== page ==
The next step was thinking about the ergonomics of using the document. What's the right text line length? How much white space you need between the lines of text to improve legibility? What's the right typeface? (I chose Corbel, a brilliant typeface designed by Jeremy Tankard for Microsoft in 2005. More on that in the next post.)

At the same time, I started thinking of possible future uses – I wanted it to be possible to generate the files using a system connected to a database. Why?

Well, the main reason was to minimize a possibility of making a mistake by accidentally removing an important part of information when using Word templates. It was also essential to have one text in the database that would be the only data the lawyers or office workers have to edit when needed.

The other thing was that the possibility of using a database made me think of increasingly popular "tags" or "labels". I imagined the text as a fixed block of information where all you need to do as an office worker is fill in the dynamic blanks, such as the name, address, signature, date or the administrative decision (meaning a yes/no reply to the addressee). This allowed me to create a universal grid for every single document that would work with different types of information. See the examples below:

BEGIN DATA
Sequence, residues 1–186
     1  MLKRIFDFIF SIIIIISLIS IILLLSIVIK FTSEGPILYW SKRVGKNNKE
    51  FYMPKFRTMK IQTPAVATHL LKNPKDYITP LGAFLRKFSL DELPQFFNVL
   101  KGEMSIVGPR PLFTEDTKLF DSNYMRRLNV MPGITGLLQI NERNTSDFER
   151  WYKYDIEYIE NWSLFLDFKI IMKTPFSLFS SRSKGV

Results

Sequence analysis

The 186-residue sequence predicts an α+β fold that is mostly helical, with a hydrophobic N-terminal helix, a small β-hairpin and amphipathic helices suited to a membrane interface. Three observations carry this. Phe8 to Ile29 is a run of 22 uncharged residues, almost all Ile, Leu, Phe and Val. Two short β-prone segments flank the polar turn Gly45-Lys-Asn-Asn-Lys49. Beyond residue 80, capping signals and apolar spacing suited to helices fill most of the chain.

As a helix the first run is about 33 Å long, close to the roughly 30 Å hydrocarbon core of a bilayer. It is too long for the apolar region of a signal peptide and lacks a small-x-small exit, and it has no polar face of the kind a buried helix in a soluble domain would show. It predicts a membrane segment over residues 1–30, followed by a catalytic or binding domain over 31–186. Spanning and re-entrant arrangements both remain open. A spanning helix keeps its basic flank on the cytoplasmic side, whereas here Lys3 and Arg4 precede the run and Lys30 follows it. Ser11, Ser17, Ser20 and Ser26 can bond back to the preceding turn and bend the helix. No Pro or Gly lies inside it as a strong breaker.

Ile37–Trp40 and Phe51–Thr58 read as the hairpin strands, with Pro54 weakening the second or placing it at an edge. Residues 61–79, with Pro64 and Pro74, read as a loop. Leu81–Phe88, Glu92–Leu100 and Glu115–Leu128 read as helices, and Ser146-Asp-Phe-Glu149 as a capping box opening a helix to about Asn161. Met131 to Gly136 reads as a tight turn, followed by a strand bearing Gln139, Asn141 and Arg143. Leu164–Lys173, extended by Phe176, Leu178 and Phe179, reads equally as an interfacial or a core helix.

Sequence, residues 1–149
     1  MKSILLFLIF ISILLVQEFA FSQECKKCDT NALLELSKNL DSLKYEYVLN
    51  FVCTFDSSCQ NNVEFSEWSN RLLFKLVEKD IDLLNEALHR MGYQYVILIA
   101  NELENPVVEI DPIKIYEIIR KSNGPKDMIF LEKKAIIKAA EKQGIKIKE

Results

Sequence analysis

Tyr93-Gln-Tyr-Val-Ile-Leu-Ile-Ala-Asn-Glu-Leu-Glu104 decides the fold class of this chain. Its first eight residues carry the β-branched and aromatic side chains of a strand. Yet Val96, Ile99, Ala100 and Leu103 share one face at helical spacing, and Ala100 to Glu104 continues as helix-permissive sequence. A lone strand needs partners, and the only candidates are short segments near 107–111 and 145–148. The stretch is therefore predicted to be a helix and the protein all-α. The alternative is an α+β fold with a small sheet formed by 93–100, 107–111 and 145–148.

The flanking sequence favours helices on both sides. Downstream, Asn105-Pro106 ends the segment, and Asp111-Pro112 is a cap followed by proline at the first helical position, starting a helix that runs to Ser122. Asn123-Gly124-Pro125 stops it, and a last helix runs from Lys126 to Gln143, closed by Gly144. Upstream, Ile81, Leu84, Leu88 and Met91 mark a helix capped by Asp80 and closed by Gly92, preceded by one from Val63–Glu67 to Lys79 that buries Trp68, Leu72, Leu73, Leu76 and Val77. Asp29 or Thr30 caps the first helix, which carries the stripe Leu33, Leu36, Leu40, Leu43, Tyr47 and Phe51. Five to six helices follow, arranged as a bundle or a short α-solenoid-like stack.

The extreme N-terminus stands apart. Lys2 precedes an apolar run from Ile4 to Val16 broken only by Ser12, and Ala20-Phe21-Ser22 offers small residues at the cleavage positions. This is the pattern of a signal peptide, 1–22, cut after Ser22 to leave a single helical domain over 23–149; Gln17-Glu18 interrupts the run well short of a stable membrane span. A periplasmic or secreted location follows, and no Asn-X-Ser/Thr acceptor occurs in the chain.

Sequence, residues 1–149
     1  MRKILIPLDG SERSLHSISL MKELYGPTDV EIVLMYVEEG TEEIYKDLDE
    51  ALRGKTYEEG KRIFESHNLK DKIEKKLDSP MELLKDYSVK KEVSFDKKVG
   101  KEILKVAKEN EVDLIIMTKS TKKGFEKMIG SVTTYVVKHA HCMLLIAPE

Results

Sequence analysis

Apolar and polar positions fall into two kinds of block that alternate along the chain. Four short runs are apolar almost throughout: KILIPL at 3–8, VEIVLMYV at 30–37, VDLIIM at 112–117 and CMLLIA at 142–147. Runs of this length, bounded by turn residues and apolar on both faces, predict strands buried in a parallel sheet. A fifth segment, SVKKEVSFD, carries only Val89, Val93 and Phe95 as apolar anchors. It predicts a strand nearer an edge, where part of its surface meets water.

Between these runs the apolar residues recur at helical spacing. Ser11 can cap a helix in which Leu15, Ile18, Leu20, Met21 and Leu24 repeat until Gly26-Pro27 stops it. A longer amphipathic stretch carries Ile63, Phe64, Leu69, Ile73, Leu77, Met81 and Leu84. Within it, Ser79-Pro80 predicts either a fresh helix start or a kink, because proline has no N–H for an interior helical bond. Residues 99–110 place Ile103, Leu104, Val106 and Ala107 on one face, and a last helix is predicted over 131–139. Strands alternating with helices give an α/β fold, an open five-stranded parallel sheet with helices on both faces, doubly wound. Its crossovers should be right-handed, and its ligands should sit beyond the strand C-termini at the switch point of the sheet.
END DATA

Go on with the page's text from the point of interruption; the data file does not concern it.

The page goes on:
Above, you can see the examples of the documents that were generated using the same grid (you can read about the grid here), but using different type of data. From left to right: a testimonial, an administrative decision, an administrative decision with a table, student registration form, an announcement).


I could go on like this for much longer, but I've just realized how big this post has become, so let's close on the subject for now. The following posts will focus more on particular design solutions, but I think this gives you an idea on the possibilities and solutions. If you managed to get there through these massive amounts of text, congratulations!

I hope you'll find my thoughts useful for your own design research. If you have questions or comments, feel free to do so. And again, thank you for reading and see you in the next post!


*the word document has many meanings, but for this post, let's consider it as a writ or a regulatory act in a written or printed form.


29 comments:

  1. Hello,
    Stumbled on your blog as recommended by google.
    Pretty cool info,and nice format.
    Good food for thought as a new blogger :)

    ReplyDelete
  2. Great info. Look into a blog named "Not complicated." the writer loves computers as well. It is cool that your blog was recommended. Congrats

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  3. You should also take into consideration that there are always document standards (just like paper size) for any type of document. This in some cases makes it difficult to change the layout of the document you design. EU norms for the header would be something like this:

    Name Document Name
    Address
    Phone Date

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    Replies
    1. Sorry header didn't come out right, should be like this without the lines..

      Name_____________Document Name
      Address